Artist Impression of Future Airport – Image: Lockheed-California Company
I have always been a fan of all things esoteric, the unique, and perhaps even the underdog. Engineering oddities fascinated me from a young age; if it was different or somewhat outlandish, I wasÂ hooked. For that reason, itâ€™s probably no surprise to many people that the aircraft I adore moreÂ than all others (yes, even more than Concorde) is the Lockheed L-1011 TriStar.
The L-1011 prototype after completing her first flight on November 16, 1970 – Photo:Â Jon ProctorÂ
However, I can takeÂ things a step further, because for me, this is more than an aircraft; it represents the engineeringÂ prowess of hundreds of engineers â€“ one of whom I happened to know very well. A man who was luckyÂ enough to spend a lifetime in aviation working for some of the most storied aeronautical firms inÂ history, such as Avro Canada (later Hawker Siddeley), Convair, De Havilland Canada, and Lockheed. Prior to his death in 2013, this engineer described the L-1011 as his â€œmagnum opusâ€, hisÂ greatest achievement as an engineer and the work that he was most proud of.
Eastern Air Lines’ first 737-800 flies over Miami – Photo: Airways News
This story was originally published by Chris SloanÂ and Luis Linares on AirwaysNews.com
Nearly 24 years after the original Eastern shut down on January 18, 1991, the new Eastern Air Lines welcomed home its first new aircraft on December 19. Â Ex-KenyaÂ AirwaysÂ Boeing 737-800 â€œThe Spirit of Captain Eddie Rickenbacker,â€Â N276EA, arrived from Shannon, Ireland (SNN) via Portsmouth, New Hampshire (PSN) into theÂ airlineâ€™s base at Miami International AirportÂ at 3:13 p.m. local time on Runway 8R to a water cannon salute.
The flight crew outside of EAL’s first 737 in Miami – Photo: AirwaysNews
EXTRA: Flashback Friday; The History of Eastern Air Lines
The fanfare reached far beyond that of a traditional airline launch, particularly in Miami. Miami was the original Easternâ€™s headquarters, and the carrierÂ was the cityâ€™s largest employer from the mid-1970s until itsÂ 1991 shutdown.Â It was evident that the event and ceremony were an emotional, tear-felt occasion for the new team, and especially for the retirees and former employees of the original Eastern.Â Their turnout was quite moving.
A water cannon salute at MIA greets Eastern’s 737 – Photo: AirwaysNews
The airline has 10Â Boeing 737-800s on order, withÂ purchase rights on 10Â 737 MAX 8s. Moreover, the company announced in July 2014 that it had placed an order for 20Â Mitsubishi MRJ90s, with rights forÂ an additional 20 of the regional jets. Eastern starts flying in March 2015 and will initially operate as a charter carrier, with scheduled operations due to begin in the next 12 to 18 months following FAA certification.
Continue readingÂ The New Eastern Air Lines Takes Delivery of First 737 in Miami on AirwaysNews.com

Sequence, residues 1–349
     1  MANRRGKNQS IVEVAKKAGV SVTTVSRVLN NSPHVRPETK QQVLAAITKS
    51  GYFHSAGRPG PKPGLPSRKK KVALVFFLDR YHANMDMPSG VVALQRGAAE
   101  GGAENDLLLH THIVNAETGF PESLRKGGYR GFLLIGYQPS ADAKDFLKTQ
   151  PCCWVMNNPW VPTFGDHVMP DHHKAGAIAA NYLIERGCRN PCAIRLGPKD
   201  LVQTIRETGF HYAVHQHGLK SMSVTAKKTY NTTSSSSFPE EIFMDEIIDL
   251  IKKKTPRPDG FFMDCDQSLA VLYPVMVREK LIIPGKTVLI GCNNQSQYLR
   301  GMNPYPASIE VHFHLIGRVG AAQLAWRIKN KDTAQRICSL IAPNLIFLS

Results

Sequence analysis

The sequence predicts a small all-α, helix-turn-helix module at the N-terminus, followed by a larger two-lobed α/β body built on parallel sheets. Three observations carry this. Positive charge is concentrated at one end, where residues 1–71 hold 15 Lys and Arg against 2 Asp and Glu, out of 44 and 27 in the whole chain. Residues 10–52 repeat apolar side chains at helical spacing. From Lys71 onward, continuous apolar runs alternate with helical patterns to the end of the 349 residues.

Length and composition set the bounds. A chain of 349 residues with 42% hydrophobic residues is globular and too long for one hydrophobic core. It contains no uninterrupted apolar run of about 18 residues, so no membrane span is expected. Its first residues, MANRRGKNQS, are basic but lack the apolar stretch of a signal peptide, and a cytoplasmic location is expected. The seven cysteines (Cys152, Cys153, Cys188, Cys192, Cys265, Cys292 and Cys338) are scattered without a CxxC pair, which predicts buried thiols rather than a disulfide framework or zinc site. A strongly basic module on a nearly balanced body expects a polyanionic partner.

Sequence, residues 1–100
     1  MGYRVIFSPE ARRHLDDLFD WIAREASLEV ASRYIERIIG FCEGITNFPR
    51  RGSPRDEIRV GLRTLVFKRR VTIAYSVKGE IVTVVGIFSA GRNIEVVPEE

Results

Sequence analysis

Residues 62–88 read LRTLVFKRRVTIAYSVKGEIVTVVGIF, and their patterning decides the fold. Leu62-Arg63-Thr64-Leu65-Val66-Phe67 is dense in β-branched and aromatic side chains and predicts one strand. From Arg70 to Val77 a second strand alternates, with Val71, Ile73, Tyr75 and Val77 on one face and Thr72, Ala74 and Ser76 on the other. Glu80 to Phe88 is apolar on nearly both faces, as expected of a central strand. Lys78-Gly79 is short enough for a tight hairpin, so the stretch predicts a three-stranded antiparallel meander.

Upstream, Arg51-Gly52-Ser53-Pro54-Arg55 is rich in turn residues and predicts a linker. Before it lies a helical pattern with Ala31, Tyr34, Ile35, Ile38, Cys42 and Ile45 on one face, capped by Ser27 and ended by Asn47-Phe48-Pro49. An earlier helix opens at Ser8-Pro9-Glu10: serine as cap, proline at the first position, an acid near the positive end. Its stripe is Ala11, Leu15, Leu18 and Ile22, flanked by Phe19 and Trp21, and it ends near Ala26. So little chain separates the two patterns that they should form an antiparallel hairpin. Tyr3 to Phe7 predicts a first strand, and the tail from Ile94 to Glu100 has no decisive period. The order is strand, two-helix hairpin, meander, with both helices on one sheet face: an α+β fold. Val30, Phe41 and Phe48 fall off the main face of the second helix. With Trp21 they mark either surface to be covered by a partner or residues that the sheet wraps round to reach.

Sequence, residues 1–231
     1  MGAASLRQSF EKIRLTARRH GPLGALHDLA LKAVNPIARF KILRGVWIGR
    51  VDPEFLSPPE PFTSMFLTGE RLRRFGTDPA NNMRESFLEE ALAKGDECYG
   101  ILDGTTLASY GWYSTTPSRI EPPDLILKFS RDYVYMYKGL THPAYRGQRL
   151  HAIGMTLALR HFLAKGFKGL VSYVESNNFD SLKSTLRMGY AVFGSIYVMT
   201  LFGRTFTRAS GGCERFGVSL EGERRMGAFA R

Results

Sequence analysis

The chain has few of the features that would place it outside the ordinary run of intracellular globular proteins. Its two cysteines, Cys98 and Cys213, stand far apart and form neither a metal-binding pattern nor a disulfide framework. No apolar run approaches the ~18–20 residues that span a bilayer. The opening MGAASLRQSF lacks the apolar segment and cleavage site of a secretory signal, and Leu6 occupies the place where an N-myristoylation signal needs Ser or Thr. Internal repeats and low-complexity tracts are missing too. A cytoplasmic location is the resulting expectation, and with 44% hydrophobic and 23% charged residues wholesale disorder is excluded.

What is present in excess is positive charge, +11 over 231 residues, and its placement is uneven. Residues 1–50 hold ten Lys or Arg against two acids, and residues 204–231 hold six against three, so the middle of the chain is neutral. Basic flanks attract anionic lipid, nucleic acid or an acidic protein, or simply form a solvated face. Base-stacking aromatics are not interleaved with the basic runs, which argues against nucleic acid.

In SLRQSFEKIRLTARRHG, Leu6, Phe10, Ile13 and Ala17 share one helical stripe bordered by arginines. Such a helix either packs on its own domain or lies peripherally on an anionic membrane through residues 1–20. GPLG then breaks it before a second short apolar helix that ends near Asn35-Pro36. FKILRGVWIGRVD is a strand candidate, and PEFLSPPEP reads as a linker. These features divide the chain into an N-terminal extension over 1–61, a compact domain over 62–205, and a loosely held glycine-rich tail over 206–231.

An Eastern Air Lines L1011 – Photo: Wiki Commons
This story was written by David J Williams on NYCAviation.com
Student pilots are taught very early on to recognize that when an airplane approaches its minimum flying speed, the airflow over the wing will begin to separate or break down, creating turbulence over the tail. The degradation of lift and the associated turbulence over the tail causes the airplane to buffet and alert the pilot to a deteriorating and dangerous situation. The recovery is rather basic â€“ lower the nose some, apply full power to the engine and let the airplane fly out of it. As it accelerates, the buffeting will end and the aircraft will safely regain both flight and controllability.
In the 1930â€™s, military and large civilian airplanes were being equipped with supercharged and turbocharged engines. These engines enabled to the planes to fly higher and faster than airplanes with normal engines. However, these â€œboostedâ€ engines required a pilot with a delicate hand on the throttles. Whereas a normally aspirated engine could run at full throttle continuously without much more than some added wear, the supercharged and turbocharged engines would run beyond the normal power limits creating excessive heat which, in minutes, would damage the engine. Only when the situation was critical could a competent pilot consider â€œfirewallingâ€ the throttles by pushing them to the stops and exceeding the manufacturersâ€™ limits.
When the turbojet airliners appeared in the late 1950â€™s, engine heat became an even more critical issue. Firewalling these engines would result in immediate engine damage from the heat, while only providing a small gain from accelerating the engine past takeoff power. This is because the supersonic exhaust stream beyond the takeoff limit â€œchokesâ€ in the tailpipe and the additional thrust is lost, becoming marginal at best.
Continue readingÂ The Disaster That Wasnâ€™t: Saving Eastern Air Lines Flight 902 on NYCAviation.com
A model at Farnborough showing the EasternÂ livery on the MRJ90 – Photo: Jon Ostrower
Whenever there is news that a startup airline is going to launch with a classic name-sake, I get a little excited. When press releases started coming in saying that Eastern Air Lines was going to start up again, I was happy, but of course skeptical.
Even back in May when they signed an initial order with Boeing and placed deposits for 10 737-800NG and 10 737 MAX 8 aircraft, I was unsure about the viability of the airline.
Then, lastÂ week at the Farnborough Airshow, they announcedÂ the signing ofÂ a Memorandum of Understanding for 20 Mitsubishi MRJ90 aircraft, with purchase rights to an additional 20. Now, I am starting to pay a bit more attention.